Kyle Bass: China Has Been Negotiating In Bad Faith All Along

CNBC’s “Closing Bell” team breaks down how markets are trading with Kyle Bass, founder and chief investment officer of Hayman Capital Management.

negotiating in bad faith

Kyle Bass: China Has Been Negotiating In Bad Faith All Along

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Transcript

It's important to realize that the Chinese have only been at this capital markets thing for the last 15 years. And while they're smart, they're they I equate it to their, they have one of those, like the circus spinning 20 plates, they have to have all plates spinning all at once. And if one of them falls, they all fall. And in this case, what's happening in China is they have to have dollars to sell to buy their own currency. To hold it up. If they were to ever free float their currency, I think it would drop 30 or 40%. And the reason being is they claim to be 15% of global GDP in dollar terms, but less than 1% of global transactions settle in their own currency. And so they prop their currency up everyone calling them a currency manipulator. They're trying to hold this whole thing together. If they were to if they were to let it go, and allow the all the wealthy Chinese to get their money out and buy more houses them in Vancouver in London in the US and send more their kids to school in the US, you would see there currency collapse, and that's why they keep such a tight lid on it. But in the end, they have to have dollars to support it. And they're running out of dollars. And so what they did is they just stopped supporting it. They didn't intentionally weaken it. They just stopped supporting it at a certain level.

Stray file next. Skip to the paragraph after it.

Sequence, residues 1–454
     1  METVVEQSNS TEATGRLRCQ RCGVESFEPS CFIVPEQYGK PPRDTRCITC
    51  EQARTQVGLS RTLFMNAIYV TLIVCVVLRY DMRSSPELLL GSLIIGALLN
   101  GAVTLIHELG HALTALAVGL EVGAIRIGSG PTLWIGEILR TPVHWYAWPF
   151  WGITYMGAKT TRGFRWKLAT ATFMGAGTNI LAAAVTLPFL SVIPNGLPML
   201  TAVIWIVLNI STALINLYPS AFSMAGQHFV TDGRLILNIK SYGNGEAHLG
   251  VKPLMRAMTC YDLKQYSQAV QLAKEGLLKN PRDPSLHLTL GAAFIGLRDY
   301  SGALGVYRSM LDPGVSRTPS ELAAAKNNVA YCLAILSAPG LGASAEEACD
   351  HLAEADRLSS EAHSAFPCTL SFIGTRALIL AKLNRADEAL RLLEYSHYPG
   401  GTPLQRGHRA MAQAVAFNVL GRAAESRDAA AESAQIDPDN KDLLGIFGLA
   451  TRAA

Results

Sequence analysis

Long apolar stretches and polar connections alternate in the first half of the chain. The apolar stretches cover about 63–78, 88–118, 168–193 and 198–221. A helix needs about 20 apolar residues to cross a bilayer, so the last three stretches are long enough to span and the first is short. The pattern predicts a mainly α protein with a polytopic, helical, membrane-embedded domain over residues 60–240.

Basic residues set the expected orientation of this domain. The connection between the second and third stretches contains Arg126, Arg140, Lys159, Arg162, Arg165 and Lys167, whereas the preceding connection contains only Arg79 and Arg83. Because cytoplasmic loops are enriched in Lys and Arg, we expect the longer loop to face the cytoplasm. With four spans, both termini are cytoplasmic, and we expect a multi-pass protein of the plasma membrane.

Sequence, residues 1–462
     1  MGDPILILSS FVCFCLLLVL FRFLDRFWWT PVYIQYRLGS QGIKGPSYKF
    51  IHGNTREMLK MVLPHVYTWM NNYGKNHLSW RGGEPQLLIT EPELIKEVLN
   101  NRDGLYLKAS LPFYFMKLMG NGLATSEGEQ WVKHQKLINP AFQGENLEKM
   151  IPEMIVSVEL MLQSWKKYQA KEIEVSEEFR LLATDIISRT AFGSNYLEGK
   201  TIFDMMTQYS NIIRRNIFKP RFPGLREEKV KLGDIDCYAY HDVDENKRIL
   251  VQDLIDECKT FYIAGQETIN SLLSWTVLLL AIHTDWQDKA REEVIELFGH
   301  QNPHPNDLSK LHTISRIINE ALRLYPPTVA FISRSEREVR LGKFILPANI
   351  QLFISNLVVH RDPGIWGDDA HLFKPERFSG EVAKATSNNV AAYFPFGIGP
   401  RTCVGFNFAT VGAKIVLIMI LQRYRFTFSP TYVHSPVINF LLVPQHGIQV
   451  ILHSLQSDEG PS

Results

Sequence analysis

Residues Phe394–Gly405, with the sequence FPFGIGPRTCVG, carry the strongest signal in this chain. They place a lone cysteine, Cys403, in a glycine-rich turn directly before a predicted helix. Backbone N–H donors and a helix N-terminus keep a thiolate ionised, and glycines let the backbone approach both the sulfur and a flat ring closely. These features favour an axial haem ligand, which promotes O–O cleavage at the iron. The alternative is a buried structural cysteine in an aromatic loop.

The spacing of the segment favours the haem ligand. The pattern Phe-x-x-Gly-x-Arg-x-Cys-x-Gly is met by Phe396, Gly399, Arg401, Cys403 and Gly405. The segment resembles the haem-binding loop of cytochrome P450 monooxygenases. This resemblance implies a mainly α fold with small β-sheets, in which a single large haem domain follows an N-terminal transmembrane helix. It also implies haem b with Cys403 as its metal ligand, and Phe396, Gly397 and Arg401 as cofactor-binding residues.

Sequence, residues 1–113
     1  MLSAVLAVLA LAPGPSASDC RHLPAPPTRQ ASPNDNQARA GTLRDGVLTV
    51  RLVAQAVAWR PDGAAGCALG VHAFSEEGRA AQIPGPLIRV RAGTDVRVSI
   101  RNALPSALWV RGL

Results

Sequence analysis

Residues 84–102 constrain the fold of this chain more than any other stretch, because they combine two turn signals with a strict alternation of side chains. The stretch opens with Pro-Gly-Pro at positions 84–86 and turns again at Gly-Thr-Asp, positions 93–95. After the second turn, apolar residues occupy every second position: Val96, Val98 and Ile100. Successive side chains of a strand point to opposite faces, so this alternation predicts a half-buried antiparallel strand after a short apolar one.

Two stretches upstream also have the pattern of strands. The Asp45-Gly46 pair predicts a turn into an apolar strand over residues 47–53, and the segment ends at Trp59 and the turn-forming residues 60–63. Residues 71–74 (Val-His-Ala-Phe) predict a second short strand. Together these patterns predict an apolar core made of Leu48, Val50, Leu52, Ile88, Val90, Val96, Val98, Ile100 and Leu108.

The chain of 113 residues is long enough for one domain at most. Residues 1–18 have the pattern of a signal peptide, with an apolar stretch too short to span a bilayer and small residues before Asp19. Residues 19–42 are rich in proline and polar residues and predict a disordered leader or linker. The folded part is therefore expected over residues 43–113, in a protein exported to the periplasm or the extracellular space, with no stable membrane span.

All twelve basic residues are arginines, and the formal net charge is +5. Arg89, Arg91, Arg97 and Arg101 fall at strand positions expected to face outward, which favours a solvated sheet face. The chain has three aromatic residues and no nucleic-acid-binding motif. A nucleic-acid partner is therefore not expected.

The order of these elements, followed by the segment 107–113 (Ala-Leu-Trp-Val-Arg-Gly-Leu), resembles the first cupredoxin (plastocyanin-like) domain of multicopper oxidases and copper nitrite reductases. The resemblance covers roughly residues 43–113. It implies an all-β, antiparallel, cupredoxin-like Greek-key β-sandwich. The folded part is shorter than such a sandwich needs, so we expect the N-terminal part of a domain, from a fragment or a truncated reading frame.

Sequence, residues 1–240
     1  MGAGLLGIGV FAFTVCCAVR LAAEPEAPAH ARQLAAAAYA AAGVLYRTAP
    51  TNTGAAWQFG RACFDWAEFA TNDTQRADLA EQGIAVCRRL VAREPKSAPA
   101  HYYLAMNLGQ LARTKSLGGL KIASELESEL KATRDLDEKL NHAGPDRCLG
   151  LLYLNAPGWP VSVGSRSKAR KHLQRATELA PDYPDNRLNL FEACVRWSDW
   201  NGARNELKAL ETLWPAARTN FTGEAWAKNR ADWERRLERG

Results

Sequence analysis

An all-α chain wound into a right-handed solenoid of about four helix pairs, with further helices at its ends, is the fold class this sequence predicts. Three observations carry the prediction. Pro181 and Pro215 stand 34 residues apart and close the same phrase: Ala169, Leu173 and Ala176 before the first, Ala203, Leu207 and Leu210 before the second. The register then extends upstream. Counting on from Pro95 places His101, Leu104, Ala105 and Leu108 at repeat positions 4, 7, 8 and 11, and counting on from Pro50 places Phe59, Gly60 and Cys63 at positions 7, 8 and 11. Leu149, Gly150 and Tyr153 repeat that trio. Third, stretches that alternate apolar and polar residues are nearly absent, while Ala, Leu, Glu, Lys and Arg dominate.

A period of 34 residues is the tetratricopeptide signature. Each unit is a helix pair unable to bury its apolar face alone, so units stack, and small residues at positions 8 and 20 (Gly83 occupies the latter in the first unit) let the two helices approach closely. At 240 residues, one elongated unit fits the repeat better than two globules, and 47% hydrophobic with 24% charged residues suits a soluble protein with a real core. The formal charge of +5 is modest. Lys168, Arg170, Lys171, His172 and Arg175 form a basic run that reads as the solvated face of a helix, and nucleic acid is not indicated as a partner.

Yeah, well, part of the reason Kyle, you have to believe is retaliation against what they got last week where whether they were surprised, somewhat embarrassed if you want to put it as strongly as that, by the way that that tweet came out. And they were surprised and they were going to do something in return. Do you think there's something to it?

Yeah, I think I think it what's more important is what really happened behind the scenes. So back to back back a month ago, when we were negotiating with the Chinese. We had 160 page document that they had said they were going to sign and the night before they took 50 pages out of the agreement, anything that was measurable and enforceable got taken out. And and they said we'll sign this agreement. And so they negotiated with us in bad faith. And that's why the trucks broke down last time now with Lighthizer and Mnuchin going to be going to China to meet with them. What just happened here is China said, We need you to drop all tariffs on all of our goods when you do to stop disallowing Huawei in the US. And we need you to release the Huawei CFO before we even engage in talks. And we say, That's not going to happen. So the Chinese negotiators stood up and walked out of the room. And so somehow, we're the ones that are negotiating in bad faith, or were the ones where the President's tweeting something, and it's all his fault, when the Chinese are the ones that have been negotiating in bad faith all along.